The Scioto County Soil and Water District will offer classes on basic fishing skills and the Ohio Division of Parks and Wildlife plans to offer free boat inspections. Shawnee State Park naturalist Jenny Richards will host a Birds of Prey show and you might also have some fun taking a hayride.
Oh, and by the way, you also have the opportunity to fish a lake specially stocked with trout with numerous prizes available for the biggest fish, including the grand prize of a 12-foot John boat.
The above happenings are, of course, all part of the 54th annual Portsmouth Jaycees Trout Fishing Derby, set for 6 a.m. to 2 p.m. Saturday on Turkey Creek Lake in Shawnee State Park, State Route 125 in West Portsmouth.
Portsmouth Jaycees President Kenny Scarberry said there will be separate fishing tournaments for adults and kids under 12. While the donated John boat is the biggest prize, Scarberry noted whoever reels in the top five fish will all take home some sort of recognition.
According to a schedule of events released by Shawnee State Park, the event starts with courtesy boat inspections by state officials offered 5-8 p.m. Friday. Hayrides will be available that same evening 6-8 p.m. Those interested should meet in front of the park’s large shower house. The schedule of events notes, perhaps only somewhat jokingly, that quiet time starts at 10 p.m., because “fishing starts early!”
Scarberry said 10 to 12 Jaycees volunteers will be on hand to measure fish. He believes after 50-plus years of the derby, everybody pretty much knows the rules, but he added whoever gets the largest fish measured first is first in line for prizes. In other words, if there are two 13-inch trouts reeled onto shore, the first one measured by the Jaycees is the winner. Scarberry added he believes a fish measuring just over 13 inches won last year’s event.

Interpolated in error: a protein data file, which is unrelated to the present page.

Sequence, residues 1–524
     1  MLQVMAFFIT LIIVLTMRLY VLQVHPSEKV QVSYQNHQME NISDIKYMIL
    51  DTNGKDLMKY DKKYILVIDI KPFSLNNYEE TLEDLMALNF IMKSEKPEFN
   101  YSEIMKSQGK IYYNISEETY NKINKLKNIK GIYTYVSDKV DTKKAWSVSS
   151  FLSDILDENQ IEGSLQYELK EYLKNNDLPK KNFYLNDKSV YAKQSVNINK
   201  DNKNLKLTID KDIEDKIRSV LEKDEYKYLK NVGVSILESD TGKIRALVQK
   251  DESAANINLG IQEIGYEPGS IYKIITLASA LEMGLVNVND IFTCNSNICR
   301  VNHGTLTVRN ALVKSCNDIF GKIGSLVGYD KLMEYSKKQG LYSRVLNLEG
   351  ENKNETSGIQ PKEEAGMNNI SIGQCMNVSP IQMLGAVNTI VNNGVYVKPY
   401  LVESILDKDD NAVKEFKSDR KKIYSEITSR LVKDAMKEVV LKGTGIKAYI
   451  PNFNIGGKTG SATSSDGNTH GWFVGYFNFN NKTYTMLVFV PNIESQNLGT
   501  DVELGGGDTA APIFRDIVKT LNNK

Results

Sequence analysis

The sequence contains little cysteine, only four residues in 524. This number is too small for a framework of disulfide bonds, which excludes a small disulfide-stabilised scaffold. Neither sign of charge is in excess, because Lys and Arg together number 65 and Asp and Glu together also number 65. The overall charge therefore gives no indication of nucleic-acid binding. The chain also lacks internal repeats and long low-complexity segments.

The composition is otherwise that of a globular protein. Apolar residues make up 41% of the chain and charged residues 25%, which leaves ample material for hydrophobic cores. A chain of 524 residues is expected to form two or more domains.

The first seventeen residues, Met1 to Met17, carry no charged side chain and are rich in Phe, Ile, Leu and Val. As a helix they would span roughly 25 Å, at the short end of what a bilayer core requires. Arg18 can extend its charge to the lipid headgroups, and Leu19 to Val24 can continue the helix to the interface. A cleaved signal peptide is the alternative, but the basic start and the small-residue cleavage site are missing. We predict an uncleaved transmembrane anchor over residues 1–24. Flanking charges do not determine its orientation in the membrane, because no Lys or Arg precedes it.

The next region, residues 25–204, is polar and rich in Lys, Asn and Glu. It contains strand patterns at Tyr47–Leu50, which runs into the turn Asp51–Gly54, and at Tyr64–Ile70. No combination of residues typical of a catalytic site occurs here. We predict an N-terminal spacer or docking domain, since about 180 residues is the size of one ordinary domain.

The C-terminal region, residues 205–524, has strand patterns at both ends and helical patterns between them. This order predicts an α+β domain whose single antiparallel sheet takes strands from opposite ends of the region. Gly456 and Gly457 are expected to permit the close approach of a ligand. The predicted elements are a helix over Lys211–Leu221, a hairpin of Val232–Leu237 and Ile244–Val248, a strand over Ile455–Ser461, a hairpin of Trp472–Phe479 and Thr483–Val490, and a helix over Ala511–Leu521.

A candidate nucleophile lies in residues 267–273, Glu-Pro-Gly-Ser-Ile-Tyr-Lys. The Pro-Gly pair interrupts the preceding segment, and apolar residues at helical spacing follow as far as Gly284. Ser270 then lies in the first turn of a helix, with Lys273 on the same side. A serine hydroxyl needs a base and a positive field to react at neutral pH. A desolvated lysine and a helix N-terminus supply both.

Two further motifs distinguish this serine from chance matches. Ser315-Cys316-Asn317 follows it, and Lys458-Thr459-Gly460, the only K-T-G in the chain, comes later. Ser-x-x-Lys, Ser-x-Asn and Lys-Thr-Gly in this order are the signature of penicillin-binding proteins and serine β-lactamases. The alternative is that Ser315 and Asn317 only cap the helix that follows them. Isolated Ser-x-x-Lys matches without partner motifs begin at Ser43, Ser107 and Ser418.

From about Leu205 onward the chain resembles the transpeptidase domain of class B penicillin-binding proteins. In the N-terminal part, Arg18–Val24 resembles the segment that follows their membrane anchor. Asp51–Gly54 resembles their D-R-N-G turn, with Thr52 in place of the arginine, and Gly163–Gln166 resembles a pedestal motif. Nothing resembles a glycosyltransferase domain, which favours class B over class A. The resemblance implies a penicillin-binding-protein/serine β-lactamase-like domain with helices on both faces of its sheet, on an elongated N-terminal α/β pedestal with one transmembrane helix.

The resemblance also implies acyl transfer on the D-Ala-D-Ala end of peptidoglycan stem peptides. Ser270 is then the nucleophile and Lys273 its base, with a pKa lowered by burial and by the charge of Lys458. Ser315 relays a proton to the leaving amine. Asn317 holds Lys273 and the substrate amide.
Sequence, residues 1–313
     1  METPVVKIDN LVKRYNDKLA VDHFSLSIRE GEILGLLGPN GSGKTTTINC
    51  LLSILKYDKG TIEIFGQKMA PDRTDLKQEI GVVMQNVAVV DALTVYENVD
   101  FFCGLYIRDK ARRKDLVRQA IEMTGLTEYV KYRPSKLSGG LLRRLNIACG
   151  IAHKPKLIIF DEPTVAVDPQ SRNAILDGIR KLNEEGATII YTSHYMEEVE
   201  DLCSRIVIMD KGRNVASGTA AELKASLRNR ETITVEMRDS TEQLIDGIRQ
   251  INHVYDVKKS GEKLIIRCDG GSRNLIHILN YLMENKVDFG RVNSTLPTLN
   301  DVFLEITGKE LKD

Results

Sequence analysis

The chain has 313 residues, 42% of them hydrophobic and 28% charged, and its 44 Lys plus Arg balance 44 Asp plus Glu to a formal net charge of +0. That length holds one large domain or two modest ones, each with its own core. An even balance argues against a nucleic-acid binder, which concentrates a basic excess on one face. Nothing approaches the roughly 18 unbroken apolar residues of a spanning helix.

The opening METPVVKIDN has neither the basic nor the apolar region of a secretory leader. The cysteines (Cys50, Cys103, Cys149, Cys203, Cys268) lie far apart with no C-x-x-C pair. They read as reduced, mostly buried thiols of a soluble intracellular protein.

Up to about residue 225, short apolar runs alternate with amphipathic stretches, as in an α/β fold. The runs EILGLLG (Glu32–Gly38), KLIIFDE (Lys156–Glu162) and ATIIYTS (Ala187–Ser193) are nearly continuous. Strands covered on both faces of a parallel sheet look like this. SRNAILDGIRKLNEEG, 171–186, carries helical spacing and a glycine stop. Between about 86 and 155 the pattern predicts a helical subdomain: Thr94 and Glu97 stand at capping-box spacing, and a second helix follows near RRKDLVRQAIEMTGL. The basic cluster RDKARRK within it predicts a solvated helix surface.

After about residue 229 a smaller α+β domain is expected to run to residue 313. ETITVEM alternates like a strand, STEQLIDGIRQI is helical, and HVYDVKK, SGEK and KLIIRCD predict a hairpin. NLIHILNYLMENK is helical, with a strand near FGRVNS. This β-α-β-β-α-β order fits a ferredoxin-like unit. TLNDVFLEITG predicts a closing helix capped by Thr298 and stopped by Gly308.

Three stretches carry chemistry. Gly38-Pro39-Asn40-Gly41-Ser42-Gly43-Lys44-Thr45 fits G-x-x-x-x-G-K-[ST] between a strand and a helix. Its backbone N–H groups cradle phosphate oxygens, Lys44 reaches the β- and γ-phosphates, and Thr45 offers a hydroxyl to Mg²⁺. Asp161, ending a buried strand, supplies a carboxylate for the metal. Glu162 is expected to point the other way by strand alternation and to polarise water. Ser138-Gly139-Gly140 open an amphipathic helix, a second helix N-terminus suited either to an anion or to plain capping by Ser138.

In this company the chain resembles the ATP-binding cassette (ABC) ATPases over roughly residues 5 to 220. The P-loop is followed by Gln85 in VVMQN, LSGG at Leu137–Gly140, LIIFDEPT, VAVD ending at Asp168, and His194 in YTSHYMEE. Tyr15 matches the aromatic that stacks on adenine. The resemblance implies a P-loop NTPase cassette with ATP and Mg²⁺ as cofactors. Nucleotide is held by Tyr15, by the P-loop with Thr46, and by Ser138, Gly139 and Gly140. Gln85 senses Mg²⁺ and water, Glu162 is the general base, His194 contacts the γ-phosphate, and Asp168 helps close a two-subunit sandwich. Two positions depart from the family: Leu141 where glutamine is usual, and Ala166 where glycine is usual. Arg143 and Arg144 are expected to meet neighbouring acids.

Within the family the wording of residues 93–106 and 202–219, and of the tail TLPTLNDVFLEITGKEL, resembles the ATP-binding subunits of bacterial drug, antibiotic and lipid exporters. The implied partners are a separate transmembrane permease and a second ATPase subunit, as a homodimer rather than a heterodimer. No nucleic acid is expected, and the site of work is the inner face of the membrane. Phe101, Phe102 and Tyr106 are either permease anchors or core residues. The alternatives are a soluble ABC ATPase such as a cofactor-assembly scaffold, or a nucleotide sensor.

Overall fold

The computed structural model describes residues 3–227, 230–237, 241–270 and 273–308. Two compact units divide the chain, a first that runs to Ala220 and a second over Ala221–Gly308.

According to the state’s schedule of events, youngsters are invited beginning at 6 a.m. to stop by the kiddie tent and pick up a “golden ticket” as well as a fishing tote, provided by the Friends of Shawnee State Park. Primarily aimed at children, the county conservation district offers a “Passport to Fishing” program, teaching fishing basics, such as bating a hook and casting and reeling. Sign up by 10 a.m. Saturday.
The already mentioned Birds of Prey program is slated for 2 p.m. at the park amphitheater. Including the boat grand prize, prizes will be awarded in the amphitheater at 3 p.m. Winners must be present. Lastly, hayrides again will be available 6-8 p.m. Participants should again meet at the park’s large shower house.
Prior to last year’s fishing derby, Richards noted attendance at the derby is very much weather dependent. However, she also added, the lake is usually dotted with boats very early in the morning the day of the event.
One highlight last year included what Richards called a “fish shocking demonstration” put on by the state Department of Wildlife.
Essentially, DOW used electrified fishing poles to temporarily shock fish in the lake, causing them to rise unconscious to the surface. The fish were then gathered up and temporarily taken to shore where naturalists discussed the various breeds and how to recognize them. Unfortunately, Scarberry said arrangements for a similar demonstration this year just didn’t come together in time.
At least for a time earlier this year, the future of the Portsmouth Jaycees was in doubt as the group was in danger of falling below 20 members, the minimum number needed to retain their charter and continue to operate. Jaycees spokesperson Leroy Hackworth said the organization was committed to putting on the trout derby whether or not they retained their charter. As things turned out, some publicity brought in some new members and Hackworth said the local organization is safe until at least November. Scarberry said he definitely was relieved the membership issue is settled at least for now. Hackworth said the group went without a president for some time because of the small membership and Scarberry added he became president sort of by default. However, he intends to remain in the position of lease for the foreseeable future.
“The Jaycees do a lot for this community,” Scarberry said.